The focus of this story is on Rosa Millard's own method of engaging the Union Army in order to take care of the plantation and the people of Yoknapatawpha while her son-in-law, John Sartoris, is fighting the Yankees in a more conventional way. Her campaign relies heavily on Ringo's intelligence and initiative, and Bayard's narrative implicitly acknowledges how the breakdown of the traditional social order and the absence of white males as a consequence of the war creates a space for a woman and even a slave to grow into new positions of authority. Rosa and Bayard now live in a slave cabin - Yankees destroyed the big house in an earlier story - but the color line remains in place; although Bayard notes that Ringo "had got to treating me like Granny [i.e. Rosa] did," there is still no suggestion that the two growing boys might be related (78), and in church Ringo sits with the other blacks in the "slave gallery" until Granny calls him down to help distribute the profits from her campaign (84).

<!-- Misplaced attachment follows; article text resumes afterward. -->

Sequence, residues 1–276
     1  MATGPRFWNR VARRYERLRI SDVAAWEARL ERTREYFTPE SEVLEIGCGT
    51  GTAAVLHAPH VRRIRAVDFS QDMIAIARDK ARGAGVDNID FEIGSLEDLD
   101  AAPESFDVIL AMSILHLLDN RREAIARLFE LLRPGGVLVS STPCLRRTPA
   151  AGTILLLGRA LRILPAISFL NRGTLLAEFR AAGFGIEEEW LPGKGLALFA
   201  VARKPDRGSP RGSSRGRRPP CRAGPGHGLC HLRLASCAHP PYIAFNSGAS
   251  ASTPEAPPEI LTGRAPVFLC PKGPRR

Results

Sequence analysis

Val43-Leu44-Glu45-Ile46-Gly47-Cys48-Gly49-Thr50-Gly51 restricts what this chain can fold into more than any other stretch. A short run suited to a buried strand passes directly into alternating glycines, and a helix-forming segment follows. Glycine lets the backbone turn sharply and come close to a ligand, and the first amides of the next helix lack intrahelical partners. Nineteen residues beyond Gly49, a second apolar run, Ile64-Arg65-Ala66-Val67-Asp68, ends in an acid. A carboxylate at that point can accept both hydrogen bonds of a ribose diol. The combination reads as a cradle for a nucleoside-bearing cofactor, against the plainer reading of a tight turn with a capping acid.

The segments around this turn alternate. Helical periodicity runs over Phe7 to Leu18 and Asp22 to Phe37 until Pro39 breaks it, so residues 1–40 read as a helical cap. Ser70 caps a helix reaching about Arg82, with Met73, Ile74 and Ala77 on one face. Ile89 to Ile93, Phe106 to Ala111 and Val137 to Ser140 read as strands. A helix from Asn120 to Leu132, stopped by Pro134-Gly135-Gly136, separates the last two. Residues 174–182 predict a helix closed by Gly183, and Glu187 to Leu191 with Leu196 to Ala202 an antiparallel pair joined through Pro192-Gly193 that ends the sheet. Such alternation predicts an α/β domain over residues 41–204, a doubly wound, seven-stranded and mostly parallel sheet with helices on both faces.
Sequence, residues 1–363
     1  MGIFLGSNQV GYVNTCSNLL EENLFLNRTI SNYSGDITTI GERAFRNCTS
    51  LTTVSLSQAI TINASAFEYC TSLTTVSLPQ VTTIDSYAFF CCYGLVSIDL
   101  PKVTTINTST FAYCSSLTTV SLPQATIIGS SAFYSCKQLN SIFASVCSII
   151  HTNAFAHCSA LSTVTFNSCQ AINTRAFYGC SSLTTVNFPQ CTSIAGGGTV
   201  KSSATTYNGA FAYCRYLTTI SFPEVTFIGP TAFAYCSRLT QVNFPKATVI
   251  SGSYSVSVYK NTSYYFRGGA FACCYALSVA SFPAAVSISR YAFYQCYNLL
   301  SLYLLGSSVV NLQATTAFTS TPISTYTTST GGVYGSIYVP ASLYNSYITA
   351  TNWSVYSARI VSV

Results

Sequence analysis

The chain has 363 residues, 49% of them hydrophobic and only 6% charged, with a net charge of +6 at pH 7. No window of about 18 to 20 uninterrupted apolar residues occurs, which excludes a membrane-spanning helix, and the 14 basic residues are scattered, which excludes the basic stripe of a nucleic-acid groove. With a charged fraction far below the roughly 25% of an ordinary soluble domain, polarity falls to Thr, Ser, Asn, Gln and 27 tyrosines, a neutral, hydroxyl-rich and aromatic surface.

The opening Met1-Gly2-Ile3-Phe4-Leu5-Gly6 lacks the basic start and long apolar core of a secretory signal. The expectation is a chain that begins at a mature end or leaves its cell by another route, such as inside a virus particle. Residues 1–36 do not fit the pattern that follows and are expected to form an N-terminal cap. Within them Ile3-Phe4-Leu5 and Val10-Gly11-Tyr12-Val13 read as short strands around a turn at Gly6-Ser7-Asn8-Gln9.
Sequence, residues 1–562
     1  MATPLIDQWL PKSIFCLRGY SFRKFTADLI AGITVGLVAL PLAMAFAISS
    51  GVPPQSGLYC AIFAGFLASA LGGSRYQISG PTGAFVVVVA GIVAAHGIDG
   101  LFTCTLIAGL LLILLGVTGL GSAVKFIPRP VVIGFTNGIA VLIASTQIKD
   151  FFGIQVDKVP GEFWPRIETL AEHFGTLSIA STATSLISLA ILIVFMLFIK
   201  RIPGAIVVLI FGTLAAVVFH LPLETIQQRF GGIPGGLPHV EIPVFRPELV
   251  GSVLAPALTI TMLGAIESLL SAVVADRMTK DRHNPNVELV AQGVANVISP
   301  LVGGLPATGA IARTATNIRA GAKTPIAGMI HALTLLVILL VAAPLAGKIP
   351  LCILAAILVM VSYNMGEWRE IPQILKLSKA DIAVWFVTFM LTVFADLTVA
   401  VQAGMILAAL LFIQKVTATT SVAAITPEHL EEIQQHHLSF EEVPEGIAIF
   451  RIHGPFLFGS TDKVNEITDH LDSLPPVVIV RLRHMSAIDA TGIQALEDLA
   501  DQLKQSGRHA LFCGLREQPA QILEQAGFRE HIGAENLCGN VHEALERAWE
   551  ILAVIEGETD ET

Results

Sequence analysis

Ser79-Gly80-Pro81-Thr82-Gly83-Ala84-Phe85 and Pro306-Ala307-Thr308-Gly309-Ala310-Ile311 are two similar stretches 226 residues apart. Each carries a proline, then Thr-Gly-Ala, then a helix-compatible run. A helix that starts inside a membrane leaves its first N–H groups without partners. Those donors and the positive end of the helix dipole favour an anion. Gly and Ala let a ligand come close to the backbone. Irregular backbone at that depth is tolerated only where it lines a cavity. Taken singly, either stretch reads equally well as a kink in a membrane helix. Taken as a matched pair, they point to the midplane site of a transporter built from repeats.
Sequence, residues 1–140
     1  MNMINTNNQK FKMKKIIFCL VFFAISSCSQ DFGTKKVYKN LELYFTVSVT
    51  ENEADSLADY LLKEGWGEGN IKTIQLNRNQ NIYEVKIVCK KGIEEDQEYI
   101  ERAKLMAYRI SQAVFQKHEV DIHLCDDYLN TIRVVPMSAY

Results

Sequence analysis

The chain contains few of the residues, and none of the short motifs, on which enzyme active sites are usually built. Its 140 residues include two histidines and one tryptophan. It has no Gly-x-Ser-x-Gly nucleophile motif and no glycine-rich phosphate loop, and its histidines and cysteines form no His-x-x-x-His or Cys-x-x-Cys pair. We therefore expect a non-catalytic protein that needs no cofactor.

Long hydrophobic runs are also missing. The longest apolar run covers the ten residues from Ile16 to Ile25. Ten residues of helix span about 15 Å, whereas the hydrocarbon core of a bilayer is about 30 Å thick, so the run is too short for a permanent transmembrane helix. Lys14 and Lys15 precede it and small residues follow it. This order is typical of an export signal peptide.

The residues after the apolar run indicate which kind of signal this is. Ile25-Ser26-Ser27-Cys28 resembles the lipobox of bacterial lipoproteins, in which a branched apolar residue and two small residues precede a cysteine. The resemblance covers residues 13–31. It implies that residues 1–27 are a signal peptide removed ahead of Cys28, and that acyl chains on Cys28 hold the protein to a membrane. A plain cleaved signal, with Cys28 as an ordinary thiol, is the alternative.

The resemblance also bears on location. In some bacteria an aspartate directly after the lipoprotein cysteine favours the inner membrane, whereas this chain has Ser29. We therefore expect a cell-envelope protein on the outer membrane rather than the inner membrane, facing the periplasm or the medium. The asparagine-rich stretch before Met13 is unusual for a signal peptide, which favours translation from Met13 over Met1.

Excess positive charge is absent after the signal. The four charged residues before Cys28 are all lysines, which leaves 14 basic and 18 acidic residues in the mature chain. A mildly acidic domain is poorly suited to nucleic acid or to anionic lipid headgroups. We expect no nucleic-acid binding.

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"The Unvanquished"
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Sartorises in The Unvanquished (story)
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Affiliated Characters

Bayard Sartoris - "The Unvanquished"
John Sartoris - "The Unvanquished"
Rosa Millard - "The Unvanquished"